Myelodysplastic syndrome, a disorder which causes a disruption in blood cell production, often occurs in response to cancer treatments. He had been suffering from this disorder for the last six months prior to his death.
One important thing to note is that while we don’t necessarily know why each of his cancers developed, we do know that years of heavy drinking, drug use and chain-smoking might have increased his risk for cancer. And despite Van Halen’s claims that his throat cancer was caused by putting copper and brass guitar picks in his mouth for years, there’s no sufficient evidence to back up these claims.
There is, however, evidence linking smoking and excessive drinking to the disease. Throat cancer diagnoses can also be caused by the human papillomavirus (HPV) – the most common sexually transmitted infection in the United States. According to Dr. Ted Teknos, the scientific director of UH Seidman Cancer Center, the rate of HPV-related head and neck cancers have exponentially increased since the mid-90’s.
“If you look at the percentage of patients who developed throat cancer, cancer of the tonsils, and the base of the tongue in the 80s compared to the 2010s, the rate of HPV-related head and neck cancers has gone up by 300 percent,” Dr. Teknos told SurvivorNet in a previous interview. “So there is no myth. HPV causes throat cancer, and it’s a sexually transmitted disease.”
Losing a Loved One to Cancer
Grief is an inevitable – and essential – part of the healing process after losing a loved one to cancer. And there’s definitely no one way to cope, but Doug Wendt shared his thoughts on grief in a previous interview with SurvivorNet after losing his wife Alice to ovarian cancer.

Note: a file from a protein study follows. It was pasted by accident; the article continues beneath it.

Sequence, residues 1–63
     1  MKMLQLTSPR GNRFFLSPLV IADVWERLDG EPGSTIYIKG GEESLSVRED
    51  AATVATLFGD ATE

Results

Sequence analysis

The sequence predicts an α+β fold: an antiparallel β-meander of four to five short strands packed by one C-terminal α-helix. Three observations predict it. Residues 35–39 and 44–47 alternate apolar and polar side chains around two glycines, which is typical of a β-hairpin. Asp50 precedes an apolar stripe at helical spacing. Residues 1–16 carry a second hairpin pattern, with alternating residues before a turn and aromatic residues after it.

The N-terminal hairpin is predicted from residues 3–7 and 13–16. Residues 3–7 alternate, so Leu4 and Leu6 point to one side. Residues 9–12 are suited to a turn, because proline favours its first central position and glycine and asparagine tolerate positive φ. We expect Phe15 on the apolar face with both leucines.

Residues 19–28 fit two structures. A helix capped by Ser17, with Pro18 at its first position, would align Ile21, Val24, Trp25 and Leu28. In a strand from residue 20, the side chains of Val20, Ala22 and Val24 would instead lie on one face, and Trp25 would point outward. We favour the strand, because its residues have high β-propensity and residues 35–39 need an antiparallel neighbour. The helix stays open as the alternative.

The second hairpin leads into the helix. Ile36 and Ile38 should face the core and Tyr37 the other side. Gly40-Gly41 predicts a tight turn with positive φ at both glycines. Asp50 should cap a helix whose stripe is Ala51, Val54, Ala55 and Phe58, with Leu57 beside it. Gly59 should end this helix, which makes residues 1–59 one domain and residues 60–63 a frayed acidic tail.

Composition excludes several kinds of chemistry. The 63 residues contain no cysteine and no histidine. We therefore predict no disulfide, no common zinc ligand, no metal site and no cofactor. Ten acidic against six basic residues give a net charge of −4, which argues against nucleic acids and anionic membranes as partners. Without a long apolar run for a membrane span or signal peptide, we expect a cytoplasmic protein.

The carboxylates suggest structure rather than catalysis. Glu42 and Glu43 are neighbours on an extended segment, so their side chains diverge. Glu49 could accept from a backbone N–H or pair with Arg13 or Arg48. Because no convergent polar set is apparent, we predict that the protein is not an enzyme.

“We’re never gonna move on, I don’t even think I want to move on, but I do want to move forward,” Wendt said. “That’s an important distinction, and I encourage anybody who goes through this journey as a caregiver and then has to face loss, to think very carefully about how to move forward.”
Everyone’s journey of grief looks different, but therapy and support groups can also be wonderful options to explore. It’s also important to keep in mind that time does not heal everything, but it certainly helps.
In an earlier interview with SurvivorNet, Camila Legaspi shared her own advice on grief after her mother died of breast cancer. For her, therapy made all the difference.
“Therapy saved my life,” Legaspi said. “I was dealing with some really intense anxiety and depression at that point. It just changed my life, because I was so drained by all the negativity that was going on. Going to a therapist helped me realize that there was still so much out there for me, that I still had my family, that I still had my siblings.”
Legaspi also wanted to remind people that even though it can be an incredibly difficult experience to process, things will get better.
“When you lose someone, it’s really, really, really hard,” Legaspi said. “I’m so happy that I talked to my therapist. Keep your chin up, and it’s going to be OK. No matter what happens, it’s going to be OK.”